We would use this to test our post fix evaluator
	
Scenario: Testing the evaluator with sum only
Given User enters "2 3 5 + +"
When User asks for result
Then result should be "10"

Scenario Outline: Testing the evaluator with complex expressions
Given User enters <expression>
When User asks for result
Then result should be <result>

Examples:
    | expression | result |
    | "3 4 5 + -" | "-6" |
    | "5 1 2 + 4 * + 3 -" | "14"  |
    | "5 2 3 ^ + 5 8 + " | "13"  |
    | "2 1 12 3 / - +" | "-1" |
    | "6 3 - 2 ^ 11 - " | "-2" | 

You know Scenario, but what is this Scenario Outline? It is a parameterized version of Scenario which means that the Given, When, Then specified for the Scenario Outline are executed for each of the test input provided in the Example section.

But how do we link the Examples and Given, When, Then?

The first row of the Example section indicate the name of the variables to which the value is assigned. And the same variable name can be used in the parameterized clauses of Given, When, Then. And you parameterize the clauses using .

Now to generate the Java code for this feature file, let us create a JUnit test runner TestPostFixEvaluator.java in src/test/java/bdd

package bdd;

import org.junit.runner.RunWith;

import cucumber.api.CucumberOptions;
import cucumber.api.junit.Cucumber;

@RunWith(Cucumber.class)
@CucumberOptions(features = "src/test/resources/")
public class TestPostFixEvaluator {

}

Run the above test and you will see a message like:

6 Scenarios ([33m6 undefined[0m)
18 Steps ([33m18 undefined[0m)
0m0.000s


You can implement missing steps with the snippets below:

@Given("^User enters \"([^\"]*)\"$")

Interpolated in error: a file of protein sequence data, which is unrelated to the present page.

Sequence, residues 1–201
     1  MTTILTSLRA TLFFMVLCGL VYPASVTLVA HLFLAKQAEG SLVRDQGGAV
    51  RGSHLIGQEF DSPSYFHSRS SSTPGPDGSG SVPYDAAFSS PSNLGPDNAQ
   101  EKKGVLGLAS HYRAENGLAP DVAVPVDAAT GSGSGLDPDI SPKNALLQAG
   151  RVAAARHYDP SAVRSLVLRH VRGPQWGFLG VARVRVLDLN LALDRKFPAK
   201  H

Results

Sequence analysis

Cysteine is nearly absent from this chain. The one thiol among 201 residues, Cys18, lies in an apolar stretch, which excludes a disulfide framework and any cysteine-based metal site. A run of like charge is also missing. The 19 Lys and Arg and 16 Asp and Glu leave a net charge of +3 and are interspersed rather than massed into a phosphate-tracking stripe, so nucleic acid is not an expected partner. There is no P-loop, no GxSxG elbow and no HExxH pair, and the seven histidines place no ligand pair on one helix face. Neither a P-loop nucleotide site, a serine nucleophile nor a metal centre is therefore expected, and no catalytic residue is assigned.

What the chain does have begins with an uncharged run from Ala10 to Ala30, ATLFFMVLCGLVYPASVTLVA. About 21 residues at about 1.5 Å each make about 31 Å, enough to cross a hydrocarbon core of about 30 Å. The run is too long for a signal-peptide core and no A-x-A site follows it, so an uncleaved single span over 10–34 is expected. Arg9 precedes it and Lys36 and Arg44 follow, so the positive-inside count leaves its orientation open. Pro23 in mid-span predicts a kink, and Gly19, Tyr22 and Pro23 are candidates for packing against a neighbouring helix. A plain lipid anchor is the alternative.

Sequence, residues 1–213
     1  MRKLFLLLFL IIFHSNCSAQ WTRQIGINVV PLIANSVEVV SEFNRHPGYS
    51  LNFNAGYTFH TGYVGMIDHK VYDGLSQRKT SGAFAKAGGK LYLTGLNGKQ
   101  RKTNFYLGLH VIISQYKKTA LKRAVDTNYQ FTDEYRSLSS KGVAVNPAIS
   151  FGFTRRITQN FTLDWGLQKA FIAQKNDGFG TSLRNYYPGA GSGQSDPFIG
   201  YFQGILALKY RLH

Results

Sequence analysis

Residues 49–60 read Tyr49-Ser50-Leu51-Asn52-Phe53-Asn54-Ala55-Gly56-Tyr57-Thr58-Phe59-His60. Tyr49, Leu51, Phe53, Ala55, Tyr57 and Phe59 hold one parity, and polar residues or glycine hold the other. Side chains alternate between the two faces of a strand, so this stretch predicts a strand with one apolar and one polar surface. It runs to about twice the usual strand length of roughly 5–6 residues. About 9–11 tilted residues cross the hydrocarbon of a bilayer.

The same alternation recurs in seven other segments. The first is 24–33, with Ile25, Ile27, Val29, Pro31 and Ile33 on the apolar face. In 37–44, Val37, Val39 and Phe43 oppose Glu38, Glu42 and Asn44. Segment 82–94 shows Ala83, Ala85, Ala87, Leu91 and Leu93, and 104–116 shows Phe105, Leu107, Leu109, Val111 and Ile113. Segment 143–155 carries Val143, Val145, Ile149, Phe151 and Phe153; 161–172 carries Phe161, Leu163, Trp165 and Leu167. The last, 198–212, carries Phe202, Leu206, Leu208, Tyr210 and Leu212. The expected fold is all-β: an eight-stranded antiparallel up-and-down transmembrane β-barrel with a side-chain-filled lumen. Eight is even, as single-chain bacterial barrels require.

public void user_enters(String arg1) throws Throwable {
    // Write code here that turns the phrase above into concrete actions
    throw new PendingException();
}

@When("^User asks for result$")
public void user_asks_for_result() throws Throwable {
    // Write code here that turns the phrase above into concrete actions
    throw new PendingException();
}

@Then("^result should be \"([^\"]*)\"$")
public void result_should_be(String arg1) throws Throwable {
    // Write code here that turns the phrase above into concrete actions
    throw new PendingException();
}

The above message contains the missing steps. So let us copy the above missing steps into class PostFixEvaluatorSteps in the package bdd under src/test/java and also add the code to test our post fix evaluator as shown below

package bdd;

import static org.junit.Assert.assertEquals;
import static org.junit.Assert.assertTrue;
import cucumber.api.java.en.Given;
import cucumber.api.java.en.Then;
import cucumber.api.java.en.When;
import evaluator.PostFixEvaluator;

public class PostFixEvaluatorSteps {
  PostFixEvaluator evaluator;
  Double computedResult;
  
  @Given("^User enters \"([^\"]*)\"$")
  public void user_enters(String expression) throws Throwable {
    evaluator = new PostFixEvaluator(expression);
  }

  @When("^User asks for result$")
  public void user_asks_for_result() throws Throwable {
    computedResult = evaluator.evaluate();
  }

  @Then("^result should be (\\d+)$")
  public void result_should_be(Double result) throws Throwable {
    assertEquals(result, computedResult);
  }
  
  @Then("^result should be \"([^\"]*)\"$")
  public void result_should_be(String result) throws Throwable {
    assertTrue(Double.parseDouble(result) == computedResult);
  }
 
}

Running the above will give up all sorts of abuses from the java compiler. So let us create a PostFixEvaluator class in the package evaluator under src/main/java with the class definition as shown below: